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Is fracking regulation a federal issue?

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A couple of items about fracking regulations worth keeping track of. First, the Associated Press reports that the comment period is being extended by 60-days for a new rule that will regulate hydraulic fracturing on public lands. The 171-page rule would require companies who drill for oil and natural gas using hydraulic fracturing to disclose chemicals used in the process.

And second, the question of who should regulate hydraulic fracturing: the federal government through a set of baseline standards, or individual states. The Wall Street Journal offers two competing arguments for whether the federal government should regulate hydraulic fracturing. Arguing in favor of federal standards is Jody Freeman, professor of law at Harvard University and formerly counselor for energy and climate change at the White House. Arguing in favor of state regulation is David Spence, professor of law at The University of Texas at Austin. Please read the full arguments here.

Here is Freeman’s main point:

At scale, fracking requires vast amounts of water, which can reduce regional supplies. And industrializing the countryside not only disturbs locals, it can harm habitat and wildlife.

States aren't fully up to the task of regulating these risks. And the problems inevitably cross state borders, making them a national issue.

A study by Resources for the Future, an independent research organization, showed that state standards for well integrity, wastewater management, disclosure of the content of fracking fluid and other aspects of drilling vary considerably, and some states lag far behind others. The same study reported that state enforcement capacity is generally lacking, and even states experienced with oil and gas are struggling to keep up with the pace of drilling.

And David Spence with the counterpoint:

In general, the federal government should regulate when the important impacts of the regulated activity cross state lines, when states cannot regulate efficiently or when national interests are at stake. None of these justifications apply to fracking.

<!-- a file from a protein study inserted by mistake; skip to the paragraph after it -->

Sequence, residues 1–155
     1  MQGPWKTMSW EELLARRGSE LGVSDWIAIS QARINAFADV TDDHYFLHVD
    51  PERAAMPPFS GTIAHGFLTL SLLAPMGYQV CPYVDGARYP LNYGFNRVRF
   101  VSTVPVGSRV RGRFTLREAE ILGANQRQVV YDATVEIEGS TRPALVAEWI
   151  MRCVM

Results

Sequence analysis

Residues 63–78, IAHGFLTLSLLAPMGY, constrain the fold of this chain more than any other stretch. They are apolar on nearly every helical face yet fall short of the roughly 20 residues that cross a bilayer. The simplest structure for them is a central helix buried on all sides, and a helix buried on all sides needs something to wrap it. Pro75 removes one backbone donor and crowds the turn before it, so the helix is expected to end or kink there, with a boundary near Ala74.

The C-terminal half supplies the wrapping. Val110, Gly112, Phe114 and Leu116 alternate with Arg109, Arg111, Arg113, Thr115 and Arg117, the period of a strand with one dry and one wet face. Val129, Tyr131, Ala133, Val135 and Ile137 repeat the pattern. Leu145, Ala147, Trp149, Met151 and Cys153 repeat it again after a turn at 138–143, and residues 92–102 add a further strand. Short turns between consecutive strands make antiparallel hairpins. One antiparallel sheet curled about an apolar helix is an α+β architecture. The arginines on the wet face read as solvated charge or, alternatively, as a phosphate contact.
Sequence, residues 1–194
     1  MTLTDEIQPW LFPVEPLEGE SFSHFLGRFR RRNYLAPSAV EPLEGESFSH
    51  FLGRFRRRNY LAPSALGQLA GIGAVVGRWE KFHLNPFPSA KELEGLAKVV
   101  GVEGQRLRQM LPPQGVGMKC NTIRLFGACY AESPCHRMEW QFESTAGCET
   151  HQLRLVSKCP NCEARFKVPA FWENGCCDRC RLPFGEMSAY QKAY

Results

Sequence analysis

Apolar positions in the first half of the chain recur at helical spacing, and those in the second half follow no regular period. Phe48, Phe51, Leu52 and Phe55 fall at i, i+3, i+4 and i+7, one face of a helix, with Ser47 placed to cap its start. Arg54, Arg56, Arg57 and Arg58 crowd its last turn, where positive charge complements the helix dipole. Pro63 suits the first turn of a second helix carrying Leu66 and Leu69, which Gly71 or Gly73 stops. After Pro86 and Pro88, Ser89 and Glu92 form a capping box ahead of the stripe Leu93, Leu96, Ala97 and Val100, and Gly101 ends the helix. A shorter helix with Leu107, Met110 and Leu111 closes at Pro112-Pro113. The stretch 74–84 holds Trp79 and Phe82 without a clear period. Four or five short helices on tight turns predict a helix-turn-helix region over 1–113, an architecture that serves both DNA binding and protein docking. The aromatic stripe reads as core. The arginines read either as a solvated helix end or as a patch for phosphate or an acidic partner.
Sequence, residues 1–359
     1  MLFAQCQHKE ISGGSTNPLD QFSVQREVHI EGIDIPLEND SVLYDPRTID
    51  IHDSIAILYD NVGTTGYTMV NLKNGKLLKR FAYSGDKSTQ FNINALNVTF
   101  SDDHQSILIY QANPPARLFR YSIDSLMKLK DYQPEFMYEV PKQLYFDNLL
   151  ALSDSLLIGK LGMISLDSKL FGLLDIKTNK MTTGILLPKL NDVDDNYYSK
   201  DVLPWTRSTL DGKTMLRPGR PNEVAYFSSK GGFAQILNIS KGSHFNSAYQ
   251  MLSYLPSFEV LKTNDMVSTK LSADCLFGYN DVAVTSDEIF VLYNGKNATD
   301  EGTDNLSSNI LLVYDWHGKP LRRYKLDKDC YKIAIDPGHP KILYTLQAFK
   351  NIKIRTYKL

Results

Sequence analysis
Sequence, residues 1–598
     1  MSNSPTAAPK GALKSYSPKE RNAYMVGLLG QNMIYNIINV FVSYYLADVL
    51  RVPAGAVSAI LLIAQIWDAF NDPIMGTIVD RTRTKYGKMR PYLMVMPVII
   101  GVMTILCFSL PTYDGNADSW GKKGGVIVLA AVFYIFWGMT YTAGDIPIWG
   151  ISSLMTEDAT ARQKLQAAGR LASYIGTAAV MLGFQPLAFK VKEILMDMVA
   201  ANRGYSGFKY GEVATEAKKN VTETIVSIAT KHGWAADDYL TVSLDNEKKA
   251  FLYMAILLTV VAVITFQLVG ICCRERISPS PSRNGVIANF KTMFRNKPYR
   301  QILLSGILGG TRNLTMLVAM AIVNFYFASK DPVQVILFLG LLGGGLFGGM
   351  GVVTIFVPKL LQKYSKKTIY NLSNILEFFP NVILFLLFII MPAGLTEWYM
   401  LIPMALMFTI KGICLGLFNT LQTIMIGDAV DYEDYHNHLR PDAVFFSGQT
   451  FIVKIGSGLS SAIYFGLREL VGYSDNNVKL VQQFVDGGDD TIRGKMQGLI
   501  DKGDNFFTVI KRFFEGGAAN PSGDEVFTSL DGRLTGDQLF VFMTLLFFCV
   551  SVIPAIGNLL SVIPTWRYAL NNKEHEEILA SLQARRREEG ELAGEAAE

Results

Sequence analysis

Only a few of the risks of shale-gas production—methane leakage, for example—extend beyond state lines. And the Environmental Protection Agency is addressing those interstate risks already, using its existing regulatory authority.

As for the argument that states just can't handle the job of regulating, it is true that regulation lagged behind the industry's growth in some states at first. But states are quickly adapting. States are strengthening their shale-gas regulations to tighten well-construction and waste-disposal standards and require disclosure of fracking-fluid ingredients, sometimes bringing industry and environmental groups together in the process.

They're also coming up with regulatory systems that fit local conditions. Different rules for different states are necessary to match the local geography—for example, drillers may use different drilling specifications or wastewaster-disposal methods, depending upon the location.

Texas is at the center of hydraulic fracturing and recent action by the state’s oil and gas regulatory body, the Texas Railroad Commission, highlights some of the points made above. In May 2013, the Commission updated a “well integrity rule” that tightens standards around drilling and securing wells. Environmentalists, drilling companies, and state regulators appear to have reached an agreement on rules that address some risks with drilling and casing wells and respect the local conditions. You can read the ruling here (PDF).

Kate Galbraith, writing for StateImpact Texas, summarizes the regulatory atmosphere in Texas:

The Texas Oil and Gas Association praised the new rule. “We commend the commission’s efforts because the new rule enhances transparency, reflects advances in technology and is technologically feasible for operators to implement,” Deb Hastings, a vice president of the association, said in a statement.

Environmentalists issued qualified praise for the new rule. “Overall this is a very important rule that sets a higher bar for both traditional and hydro-fracking well drilling and casing,” Cyrus Reed, conservation director of the Sierra Club, said in an email. He said he wished at least one technical aspect of the rule were stronger.

One subtext of the new rule is concern about potential new federal requirements for drillers. Barry Smitherman, the commission chairman, testified before a U.S. Senate committee in Washington on Thursday. He said that some in Congress were wondering whether federal “baseline” standards for hydraulic fracturing were necessary, and he pushed back.

“State regulators are being proactive in regulating this incredible industry, and no federal baseline is necessary because we are the agency closest to the ground,” Smitherman said on Friday.

Regardless of federal action, Texas is moving full steam ahead.

Disclosure: David Spence is a former professor of mine from UT Austin. Image: MIRA OBERMAN/AFP/Getty Images

The views expressed are those of the author and are not necessarily those of Scientific American.

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